A study of Sub-Oscillators (and Oscillator Waveshaping)

Posted by & filed under Korg, Oscillators, Polysix, Roland, SH-101, Synth DIY, Vintage synths.

This article is a look at sub-oscillators, a common tactic for fattening up the bottom end, particularly  in synths with only one oscillator, or only one oscillator per voice. Classic examples include the Roland Juno 106 and SH101, and the Korg Polysix. More recently, sub-oscs turn up on a lot of modern analog synths since they’re cheap to do and can add more punch and depth. The Arturia MiniBrute, Moog SubPhatty and most of the DSI synths include them. My… Read more »

Adventures in Top Octave Generation

Posted by & filed under Oscillators, Synth DIY, Vintage synths.

Can we make a modern reproduction of the classic top octave generator / top octave synthesiser chips of the 1970s, as used in classic string synths and combo organs? What would be involved? Can we improve on the originals in any way? This page is a summary of what I learned by doing it. A little background In the late 1970’s, many synth manufacturers were thinking about producing polyphonic instruments. One musical area where that was already done was in… Read more »

CEM3340 VCO (Voltage Controlled Oscillator) designs

Posted by & filed under Memorymoog, MKS-80, Moog, OB-Xa, Oberheim, Oscillators, Prophet 5, Prophet T8, Roland, Sequential, SH-101, Synth DIY, Vintage synths.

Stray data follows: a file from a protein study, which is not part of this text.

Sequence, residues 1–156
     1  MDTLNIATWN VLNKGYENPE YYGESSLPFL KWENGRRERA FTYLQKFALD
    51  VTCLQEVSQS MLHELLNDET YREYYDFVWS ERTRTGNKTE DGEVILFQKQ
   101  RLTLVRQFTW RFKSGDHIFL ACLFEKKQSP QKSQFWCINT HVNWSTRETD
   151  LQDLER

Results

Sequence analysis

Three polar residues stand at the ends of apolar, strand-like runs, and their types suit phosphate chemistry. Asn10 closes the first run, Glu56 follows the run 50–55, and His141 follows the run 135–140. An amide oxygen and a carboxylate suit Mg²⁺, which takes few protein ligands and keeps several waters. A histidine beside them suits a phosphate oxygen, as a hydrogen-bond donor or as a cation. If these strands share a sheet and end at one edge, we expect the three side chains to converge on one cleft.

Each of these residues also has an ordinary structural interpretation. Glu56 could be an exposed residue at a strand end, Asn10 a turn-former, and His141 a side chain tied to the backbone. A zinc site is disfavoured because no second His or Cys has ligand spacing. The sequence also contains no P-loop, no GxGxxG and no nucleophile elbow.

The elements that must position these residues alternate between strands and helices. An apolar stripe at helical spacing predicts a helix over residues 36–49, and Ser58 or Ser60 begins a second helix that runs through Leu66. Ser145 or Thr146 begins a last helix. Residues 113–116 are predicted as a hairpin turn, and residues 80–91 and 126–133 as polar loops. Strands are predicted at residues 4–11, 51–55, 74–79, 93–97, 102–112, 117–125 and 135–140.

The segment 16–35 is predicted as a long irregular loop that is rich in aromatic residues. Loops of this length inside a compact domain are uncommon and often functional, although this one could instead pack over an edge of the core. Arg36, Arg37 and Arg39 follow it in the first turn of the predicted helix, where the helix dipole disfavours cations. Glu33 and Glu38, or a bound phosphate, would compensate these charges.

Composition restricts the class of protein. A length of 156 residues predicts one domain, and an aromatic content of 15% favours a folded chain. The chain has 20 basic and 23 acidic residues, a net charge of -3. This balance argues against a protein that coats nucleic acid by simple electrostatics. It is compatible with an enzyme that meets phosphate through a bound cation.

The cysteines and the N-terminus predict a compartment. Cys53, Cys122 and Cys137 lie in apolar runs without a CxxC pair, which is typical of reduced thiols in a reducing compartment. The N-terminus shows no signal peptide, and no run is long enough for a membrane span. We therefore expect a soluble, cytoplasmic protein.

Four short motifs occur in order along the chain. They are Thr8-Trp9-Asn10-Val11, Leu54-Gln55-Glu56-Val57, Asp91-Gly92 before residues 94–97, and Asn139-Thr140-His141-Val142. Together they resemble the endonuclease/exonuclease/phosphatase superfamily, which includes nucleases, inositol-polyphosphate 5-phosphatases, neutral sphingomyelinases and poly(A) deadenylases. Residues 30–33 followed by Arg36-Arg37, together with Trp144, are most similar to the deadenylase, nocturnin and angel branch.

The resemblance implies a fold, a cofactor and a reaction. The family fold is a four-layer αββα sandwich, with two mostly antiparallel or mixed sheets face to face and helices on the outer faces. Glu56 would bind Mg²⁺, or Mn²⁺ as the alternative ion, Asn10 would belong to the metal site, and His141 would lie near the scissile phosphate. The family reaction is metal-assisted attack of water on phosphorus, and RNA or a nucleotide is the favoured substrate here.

To celebrate the 2016 return of the CEM3340 chip, I thought I’d do another page in my series looking at how various synths implemented classic synth chips (the others being CEM3320 Filter designs and SSM2044 LP Filter designs). This is especially useful right now, since many people have bought a few CEM3340s or V3340s for their own use and are looking around for circuits to use them in. If that’s your purpose, note that these are all synth voicecard circuits, so they’re… Read more »

Direct Digital Synthesis

Posted by & filed under Oscillators, Synth DIY.

Direct Digital Synthesis (DDS) Direct digital synthesis is a common technique for generating waveforms digitally. The principles of the technique are simple and widely applicable. You can build a DDS oscillator in hardware or in software. A DDS oscillator is sometimes also known as a Numerically-Controlled Oscillator (NCO). How does it work? The most important part of a DDS oscillator is the ‘Phase Accumulator’. This is just a counter. For example, we could use a 16-bit binary counter: When the… Read more »

Wavetable Oscillators

Posted by & filed under DW series, Korg, Oscillators, PPG, Synth DIY, Wave.

This page is an overview of two techniques for creating wavetable oscillators. Contents DDS – Korg DW series and similar Variable sample rate – PPG Wave and similar DDS – Korg DW series and similar The Korg DW series use a DDS oscillator scheme. Korg called it ‘DWGS’ for ‘Digital Waveform Generator System’ in the 80’s style of inscrutable acronyms, but in reality it is a single cycle of digitally stored waveform that can be played back repeatedly. It uses a counter… Read more »

Roland Juno DCOs

Posted by & filed under Juno, Oscillators, Roland.

This page is a brief look at the technology of the Roland Juno series digitally controlled oscillators. These are an interesting hybrid design. Although digitally controlled and digitally stable, the oscillator produces a true analogue output, even for ramp waves, rather than the typical staircase waveform produced by feeding an incrementing count to a DAC or from a wavetable. Here we will look at how this is done. Contents General Scheme Master Clock Counters Waveshapers Sub-Oscillator Sawtooth PWM Frequency accuracy… Read more »